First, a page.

Wednesday, September 14, 2011

Mo Money

Andrew Sullivan finds a gem in David Graeber's Debt. Graeber is talking about why the Smith-Menger myth of the origin of money matters:

It seems to me because it goes back precisely to this notion of rationality that Adam Smith too embraced: that human beings are rational, calculating exchangers seeking material advantage, and that therefore it is possible to construct a scientific field that studies such behavior. The problem is that the real world seems to contradict this assumption at every turn. Thus we find that in actual villages, rather than thinking only about getting the best deal in swapping one material good for another with their neighbors, people are much more interested in who they love, who they hate, who they want to bail out of difficulties, who they want to embarrass and humiliate, etc.—not to mention the need to head off feuds.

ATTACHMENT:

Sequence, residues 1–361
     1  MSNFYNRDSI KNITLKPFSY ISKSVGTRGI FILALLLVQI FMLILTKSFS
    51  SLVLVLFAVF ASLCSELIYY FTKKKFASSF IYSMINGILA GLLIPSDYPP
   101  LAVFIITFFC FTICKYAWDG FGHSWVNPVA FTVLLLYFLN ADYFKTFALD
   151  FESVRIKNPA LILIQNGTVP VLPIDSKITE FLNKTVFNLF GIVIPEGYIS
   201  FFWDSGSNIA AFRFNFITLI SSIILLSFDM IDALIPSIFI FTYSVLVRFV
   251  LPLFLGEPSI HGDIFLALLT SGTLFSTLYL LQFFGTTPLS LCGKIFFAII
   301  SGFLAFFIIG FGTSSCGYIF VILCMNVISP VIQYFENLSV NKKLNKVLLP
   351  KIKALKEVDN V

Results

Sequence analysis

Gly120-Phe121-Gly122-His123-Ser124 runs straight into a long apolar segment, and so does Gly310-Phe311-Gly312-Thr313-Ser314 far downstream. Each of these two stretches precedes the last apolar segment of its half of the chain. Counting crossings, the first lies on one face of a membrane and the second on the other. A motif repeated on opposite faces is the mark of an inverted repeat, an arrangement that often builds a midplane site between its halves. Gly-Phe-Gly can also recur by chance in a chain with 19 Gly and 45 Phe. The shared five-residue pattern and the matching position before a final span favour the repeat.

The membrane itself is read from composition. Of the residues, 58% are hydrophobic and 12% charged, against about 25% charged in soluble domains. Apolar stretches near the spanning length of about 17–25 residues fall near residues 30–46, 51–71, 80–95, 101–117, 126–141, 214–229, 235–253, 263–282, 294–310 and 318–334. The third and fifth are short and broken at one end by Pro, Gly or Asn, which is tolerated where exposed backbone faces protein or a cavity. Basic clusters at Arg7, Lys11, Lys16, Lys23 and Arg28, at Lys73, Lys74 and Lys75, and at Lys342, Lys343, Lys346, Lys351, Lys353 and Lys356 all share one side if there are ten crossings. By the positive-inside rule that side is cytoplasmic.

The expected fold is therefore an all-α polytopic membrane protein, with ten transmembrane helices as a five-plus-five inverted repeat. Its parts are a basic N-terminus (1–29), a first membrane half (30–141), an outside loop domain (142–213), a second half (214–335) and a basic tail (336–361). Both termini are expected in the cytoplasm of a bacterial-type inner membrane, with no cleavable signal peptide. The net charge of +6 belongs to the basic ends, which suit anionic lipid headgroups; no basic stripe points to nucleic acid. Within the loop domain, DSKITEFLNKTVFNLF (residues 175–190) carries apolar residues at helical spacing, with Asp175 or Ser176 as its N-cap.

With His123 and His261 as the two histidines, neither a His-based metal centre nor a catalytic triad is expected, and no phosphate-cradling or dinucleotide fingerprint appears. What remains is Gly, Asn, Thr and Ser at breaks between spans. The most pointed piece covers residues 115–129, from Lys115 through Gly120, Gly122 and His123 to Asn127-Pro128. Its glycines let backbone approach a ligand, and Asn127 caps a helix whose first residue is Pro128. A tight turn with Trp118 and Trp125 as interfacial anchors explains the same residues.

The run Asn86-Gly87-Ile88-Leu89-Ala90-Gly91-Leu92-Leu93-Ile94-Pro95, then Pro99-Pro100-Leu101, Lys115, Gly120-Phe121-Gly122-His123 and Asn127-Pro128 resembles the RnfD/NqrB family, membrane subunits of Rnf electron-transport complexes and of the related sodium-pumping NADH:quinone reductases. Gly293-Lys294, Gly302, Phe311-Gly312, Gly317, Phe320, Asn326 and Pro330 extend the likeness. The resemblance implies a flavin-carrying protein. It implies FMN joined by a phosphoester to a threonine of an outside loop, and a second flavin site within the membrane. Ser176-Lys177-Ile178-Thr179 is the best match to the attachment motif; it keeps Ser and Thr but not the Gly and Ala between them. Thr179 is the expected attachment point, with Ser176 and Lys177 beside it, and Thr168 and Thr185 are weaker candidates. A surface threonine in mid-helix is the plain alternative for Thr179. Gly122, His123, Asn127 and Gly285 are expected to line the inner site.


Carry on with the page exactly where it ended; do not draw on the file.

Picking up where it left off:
This sort of insight strikes at the heart of much classical liberal economics and rational expectations. It not only explains why those models tend to break but also explains how they conflict with human nature. Humans aren't (only) profit maximizing individuals, they are fundamentally social creatures with powerful cooperative and collective instincts.